I have taken a stance against the parental habit of lying to children about Santa Claus numerous times (in 2009, 2010, 2012 and my new book The Myths that Stole Christmas), and I was recently interviewed regarding my objections to the elf on a shelf. What’s my argument? It’s a lie, it degrades your parental trustworthiness, it encourages credulity, it does not encourage imagination, and it’s equivalent to bribing your kids for good behavior. (If you’d like to see an animated version of such arguments, click here.) Well, ‘tis the season—which means my inbox is filling up with hate mail again. (As you can imagine, my argument generates some vitriol. If blog views are any indication, it’s almost as controversial as gun regulation.) So I thought I would take this opportunity to reply to the most common objections and comments that I see against not telling the Santa Claus lie.
Objection 0: Someone hates Christmas! I guess you didn't get that toy you wanted at Christmas, and now you're trying to get back at Santa.
I call this "Objection 0" because it's not really an objection to my argument--it's just an ad hominem personal attack. This objection, and those like it, are just a tactic that people use when they have no reply or argument. They can't actually engage with the argument itself, so instead they attack the arguer. Such arguments account for a decent portion of the hate-mail and comments I receive.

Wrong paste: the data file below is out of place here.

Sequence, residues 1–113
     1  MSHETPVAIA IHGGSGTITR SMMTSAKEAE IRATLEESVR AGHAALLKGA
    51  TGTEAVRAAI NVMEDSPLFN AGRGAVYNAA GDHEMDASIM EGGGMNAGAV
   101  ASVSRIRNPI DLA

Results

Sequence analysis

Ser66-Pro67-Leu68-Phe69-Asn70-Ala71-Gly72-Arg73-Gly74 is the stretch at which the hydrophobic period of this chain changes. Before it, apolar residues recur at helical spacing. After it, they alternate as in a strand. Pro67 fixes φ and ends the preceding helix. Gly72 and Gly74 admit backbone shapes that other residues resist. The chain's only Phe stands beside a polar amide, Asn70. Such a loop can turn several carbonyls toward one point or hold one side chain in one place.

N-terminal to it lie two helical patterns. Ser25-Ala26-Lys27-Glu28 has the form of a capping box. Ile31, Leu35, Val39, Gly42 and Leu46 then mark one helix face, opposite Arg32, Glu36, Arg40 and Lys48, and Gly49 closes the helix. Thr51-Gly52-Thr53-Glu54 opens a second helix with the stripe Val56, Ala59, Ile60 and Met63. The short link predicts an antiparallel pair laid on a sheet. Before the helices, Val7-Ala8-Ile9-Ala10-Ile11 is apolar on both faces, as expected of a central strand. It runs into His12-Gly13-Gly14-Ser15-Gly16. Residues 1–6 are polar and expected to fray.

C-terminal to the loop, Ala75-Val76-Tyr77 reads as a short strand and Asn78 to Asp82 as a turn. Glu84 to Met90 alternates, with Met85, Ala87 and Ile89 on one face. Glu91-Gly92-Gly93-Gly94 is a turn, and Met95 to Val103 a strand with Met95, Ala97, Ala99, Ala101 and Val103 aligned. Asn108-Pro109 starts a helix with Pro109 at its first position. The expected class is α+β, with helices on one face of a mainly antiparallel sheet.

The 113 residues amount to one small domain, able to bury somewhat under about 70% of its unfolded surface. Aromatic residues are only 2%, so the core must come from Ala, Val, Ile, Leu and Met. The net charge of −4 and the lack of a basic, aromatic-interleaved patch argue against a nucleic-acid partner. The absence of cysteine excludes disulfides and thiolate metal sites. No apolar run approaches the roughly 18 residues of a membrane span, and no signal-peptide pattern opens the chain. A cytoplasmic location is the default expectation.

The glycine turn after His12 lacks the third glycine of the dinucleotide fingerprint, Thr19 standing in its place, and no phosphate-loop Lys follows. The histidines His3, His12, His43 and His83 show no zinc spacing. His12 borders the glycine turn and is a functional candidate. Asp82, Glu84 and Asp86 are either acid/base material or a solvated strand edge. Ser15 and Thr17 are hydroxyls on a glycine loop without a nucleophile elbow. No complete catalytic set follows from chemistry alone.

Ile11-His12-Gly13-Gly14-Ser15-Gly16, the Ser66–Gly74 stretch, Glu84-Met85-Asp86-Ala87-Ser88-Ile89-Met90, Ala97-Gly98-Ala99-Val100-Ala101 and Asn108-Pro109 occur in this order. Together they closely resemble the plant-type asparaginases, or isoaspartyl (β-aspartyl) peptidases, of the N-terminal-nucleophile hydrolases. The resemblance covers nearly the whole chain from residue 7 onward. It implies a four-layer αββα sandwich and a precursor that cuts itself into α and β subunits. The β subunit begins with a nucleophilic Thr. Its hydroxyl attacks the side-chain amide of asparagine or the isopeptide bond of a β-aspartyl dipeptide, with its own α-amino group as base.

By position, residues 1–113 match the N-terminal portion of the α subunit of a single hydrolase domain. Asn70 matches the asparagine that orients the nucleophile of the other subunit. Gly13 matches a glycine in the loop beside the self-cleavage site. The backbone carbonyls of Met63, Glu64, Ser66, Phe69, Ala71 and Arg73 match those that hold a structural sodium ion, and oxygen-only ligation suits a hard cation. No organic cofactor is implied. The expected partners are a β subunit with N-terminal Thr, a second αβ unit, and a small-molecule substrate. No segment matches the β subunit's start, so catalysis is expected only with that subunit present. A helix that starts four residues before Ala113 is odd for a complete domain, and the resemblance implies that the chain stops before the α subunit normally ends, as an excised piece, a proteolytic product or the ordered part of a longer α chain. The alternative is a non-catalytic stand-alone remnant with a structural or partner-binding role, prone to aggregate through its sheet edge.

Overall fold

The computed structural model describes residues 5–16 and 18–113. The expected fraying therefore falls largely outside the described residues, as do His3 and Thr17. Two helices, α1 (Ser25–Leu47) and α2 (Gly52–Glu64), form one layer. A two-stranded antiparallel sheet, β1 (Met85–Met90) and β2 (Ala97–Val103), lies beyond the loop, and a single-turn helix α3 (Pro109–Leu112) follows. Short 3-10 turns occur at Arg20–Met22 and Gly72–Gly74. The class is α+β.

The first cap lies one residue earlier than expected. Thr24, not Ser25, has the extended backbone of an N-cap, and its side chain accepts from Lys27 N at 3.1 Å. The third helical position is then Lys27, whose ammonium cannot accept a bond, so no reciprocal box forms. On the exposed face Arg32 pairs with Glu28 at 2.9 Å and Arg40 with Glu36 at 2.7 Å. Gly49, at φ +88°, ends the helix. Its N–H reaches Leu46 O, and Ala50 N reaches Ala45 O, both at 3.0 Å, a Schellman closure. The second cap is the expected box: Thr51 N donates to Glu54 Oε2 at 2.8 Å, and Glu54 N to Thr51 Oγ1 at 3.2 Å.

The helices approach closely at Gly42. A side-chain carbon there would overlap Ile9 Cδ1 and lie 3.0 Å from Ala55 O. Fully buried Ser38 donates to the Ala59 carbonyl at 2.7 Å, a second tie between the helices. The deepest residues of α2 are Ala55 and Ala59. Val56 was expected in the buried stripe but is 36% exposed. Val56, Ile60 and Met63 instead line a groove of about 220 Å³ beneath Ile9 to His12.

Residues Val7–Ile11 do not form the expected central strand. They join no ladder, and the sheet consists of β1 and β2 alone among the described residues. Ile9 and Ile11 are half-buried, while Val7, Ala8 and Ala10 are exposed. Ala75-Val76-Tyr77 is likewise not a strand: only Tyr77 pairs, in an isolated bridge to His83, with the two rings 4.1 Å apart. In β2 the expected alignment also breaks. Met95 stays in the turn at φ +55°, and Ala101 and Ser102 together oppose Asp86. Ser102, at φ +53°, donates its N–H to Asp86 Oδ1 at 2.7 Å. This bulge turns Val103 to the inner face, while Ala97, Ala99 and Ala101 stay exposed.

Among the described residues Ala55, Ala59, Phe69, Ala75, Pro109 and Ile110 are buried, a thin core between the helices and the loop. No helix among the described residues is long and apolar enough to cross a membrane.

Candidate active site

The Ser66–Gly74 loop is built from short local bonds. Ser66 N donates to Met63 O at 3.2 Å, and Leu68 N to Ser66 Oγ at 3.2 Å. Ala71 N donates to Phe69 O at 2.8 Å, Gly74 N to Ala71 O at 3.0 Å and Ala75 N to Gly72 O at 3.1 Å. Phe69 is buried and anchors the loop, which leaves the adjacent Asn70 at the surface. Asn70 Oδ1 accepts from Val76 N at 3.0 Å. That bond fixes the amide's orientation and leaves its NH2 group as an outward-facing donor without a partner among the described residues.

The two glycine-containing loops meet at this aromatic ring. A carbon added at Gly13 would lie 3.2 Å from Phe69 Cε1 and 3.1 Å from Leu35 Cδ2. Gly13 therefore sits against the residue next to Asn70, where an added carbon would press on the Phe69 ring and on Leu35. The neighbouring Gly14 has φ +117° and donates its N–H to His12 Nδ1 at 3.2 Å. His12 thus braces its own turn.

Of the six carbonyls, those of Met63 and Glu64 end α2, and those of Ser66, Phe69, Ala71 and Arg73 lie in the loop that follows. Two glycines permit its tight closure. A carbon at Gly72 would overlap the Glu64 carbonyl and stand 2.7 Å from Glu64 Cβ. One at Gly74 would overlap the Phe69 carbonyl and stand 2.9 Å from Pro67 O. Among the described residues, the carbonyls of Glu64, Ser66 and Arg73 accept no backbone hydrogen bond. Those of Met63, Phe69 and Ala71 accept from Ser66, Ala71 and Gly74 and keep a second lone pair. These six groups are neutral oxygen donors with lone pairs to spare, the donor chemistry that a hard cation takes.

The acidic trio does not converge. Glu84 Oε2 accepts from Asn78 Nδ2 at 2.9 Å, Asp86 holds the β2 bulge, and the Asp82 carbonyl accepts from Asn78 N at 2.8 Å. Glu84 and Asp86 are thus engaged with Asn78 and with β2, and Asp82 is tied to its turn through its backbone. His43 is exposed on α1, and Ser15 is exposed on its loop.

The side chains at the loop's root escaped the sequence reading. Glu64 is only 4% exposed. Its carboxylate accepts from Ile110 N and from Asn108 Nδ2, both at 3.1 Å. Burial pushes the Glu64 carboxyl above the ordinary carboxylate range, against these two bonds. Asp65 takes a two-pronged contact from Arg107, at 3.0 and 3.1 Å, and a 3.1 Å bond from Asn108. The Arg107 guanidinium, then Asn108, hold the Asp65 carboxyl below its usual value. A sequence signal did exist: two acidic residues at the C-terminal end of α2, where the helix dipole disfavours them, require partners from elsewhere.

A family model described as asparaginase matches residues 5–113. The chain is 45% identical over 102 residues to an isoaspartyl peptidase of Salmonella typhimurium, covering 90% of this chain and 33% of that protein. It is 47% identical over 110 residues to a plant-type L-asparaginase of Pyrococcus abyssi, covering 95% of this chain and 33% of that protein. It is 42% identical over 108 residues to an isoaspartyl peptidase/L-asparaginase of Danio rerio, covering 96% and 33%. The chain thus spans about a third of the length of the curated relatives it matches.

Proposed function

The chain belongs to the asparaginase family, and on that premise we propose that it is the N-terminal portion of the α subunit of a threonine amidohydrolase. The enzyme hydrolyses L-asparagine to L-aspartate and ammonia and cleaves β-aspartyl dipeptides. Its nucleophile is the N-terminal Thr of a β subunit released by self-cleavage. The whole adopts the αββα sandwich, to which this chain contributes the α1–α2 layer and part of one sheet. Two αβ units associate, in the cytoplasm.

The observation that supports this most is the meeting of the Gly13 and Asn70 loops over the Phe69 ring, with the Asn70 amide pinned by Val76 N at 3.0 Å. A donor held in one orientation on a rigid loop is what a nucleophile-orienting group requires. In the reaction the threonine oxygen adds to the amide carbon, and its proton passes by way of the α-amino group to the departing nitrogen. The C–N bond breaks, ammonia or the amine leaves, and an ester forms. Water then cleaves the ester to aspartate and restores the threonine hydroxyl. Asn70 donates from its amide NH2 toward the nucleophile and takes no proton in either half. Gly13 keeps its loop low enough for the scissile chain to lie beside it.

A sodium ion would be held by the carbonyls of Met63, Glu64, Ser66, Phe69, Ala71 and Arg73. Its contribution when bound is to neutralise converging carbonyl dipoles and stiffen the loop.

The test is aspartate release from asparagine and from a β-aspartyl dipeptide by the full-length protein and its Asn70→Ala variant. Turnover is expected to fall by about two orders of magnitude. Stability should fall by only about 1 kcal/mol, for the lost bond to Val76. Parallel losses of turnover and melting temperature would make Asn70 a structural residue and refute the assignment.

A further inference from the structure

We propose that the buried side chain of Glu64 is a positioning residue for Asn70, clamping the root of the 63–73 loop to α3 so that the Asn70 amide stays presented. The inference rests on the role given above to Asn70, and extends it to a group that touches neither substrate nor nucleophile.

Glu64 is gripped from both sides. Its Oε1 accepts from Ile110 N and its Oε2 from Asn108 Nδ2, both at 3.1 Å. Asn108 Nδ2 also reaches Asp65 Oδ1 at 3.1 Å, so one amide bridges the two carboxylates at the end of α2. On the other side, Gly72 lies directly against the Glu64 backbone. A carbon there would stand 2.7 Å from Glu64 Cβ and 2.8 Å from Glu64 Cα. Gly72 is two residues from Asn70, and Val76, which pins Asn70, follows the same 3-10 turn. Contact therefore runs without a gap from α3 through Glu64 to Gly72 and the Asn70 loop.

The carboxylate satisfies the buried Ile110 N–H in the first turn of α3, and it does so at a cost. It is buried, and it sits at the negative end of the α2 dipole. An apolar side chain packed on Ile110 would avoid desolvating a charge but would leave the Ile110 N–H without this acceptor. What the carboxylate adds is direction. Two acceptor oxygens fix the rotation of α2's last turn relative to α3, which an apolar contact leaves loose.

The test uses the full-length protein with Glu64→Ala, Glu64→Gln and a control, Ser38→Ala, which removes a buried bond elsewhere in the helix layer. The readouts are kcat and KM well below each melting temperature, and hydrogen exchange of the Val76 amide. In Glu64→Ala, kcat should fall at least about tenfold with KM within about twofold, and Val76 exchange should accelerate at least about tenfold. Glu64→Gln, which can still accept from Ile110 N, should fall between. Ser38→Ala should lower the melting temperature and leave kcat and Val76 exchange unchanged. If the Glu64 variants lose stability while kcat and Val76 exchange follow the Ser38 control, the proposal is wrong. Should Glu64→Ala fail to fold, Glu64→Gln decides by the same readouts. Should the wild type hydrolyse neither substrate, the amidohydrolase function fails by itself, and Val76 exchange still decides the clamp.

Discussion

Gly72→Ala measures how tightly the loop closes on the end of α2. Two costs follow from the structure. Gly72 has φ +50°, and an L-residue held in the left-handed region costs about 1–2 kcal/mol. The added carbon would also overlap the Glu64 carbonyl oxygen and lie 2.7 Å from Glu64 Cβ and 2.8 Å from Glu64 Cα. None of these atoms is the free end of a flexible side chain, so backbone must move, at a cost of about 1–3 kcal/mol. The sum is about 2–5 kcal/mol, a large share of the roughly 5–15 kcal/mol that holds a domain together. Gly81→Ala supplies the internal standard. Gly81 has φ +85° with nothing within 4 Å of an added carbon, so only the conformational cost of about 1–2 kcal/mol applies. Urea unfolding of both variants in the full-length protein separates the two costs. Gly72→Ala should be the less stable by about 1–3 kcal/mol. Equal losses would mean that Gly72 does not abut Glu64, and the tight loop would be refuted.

Objection 1: So I guess we're just not supposed to tell our children any stories, let them watch any movies or read any fictional books?
No, I’m saying that when we tell our children stories, we should not lie or trick them into thinking they are literally true. I'm a huge fan of all kinds of fiction, but when my son asks me whether or not Star Wars really happened “a long time ago in a galaxy far, far away,” I'm not going to tell him it did. I'm not even going to tell him it could have. And I’m not going to say that “Luke Skywalker exists as the Jedi in us all.” I'm going to tell him what you would tell him: it's just a story.
I'm simply saying that we should treat the Santa Claus story just like we treat all other stories—as a story. To do otherwise would be to cruelly take advantage of the child's naïveté and possibly hinder his/her intellectual development.
Objection 2: My kids run around the house pretending like they’re superheroes and princesses. So, according to you, I guess I'm just supposed to correct them and tell them they're just ordinary kids?
No. That is just imaginary play and imaginary play is wonderful. As I have pointed out before, a parent who tells the Santa Claus lie does not invite the child to imagine or play like Santa Claus exists, but to believe that he really does. These are two completely different things.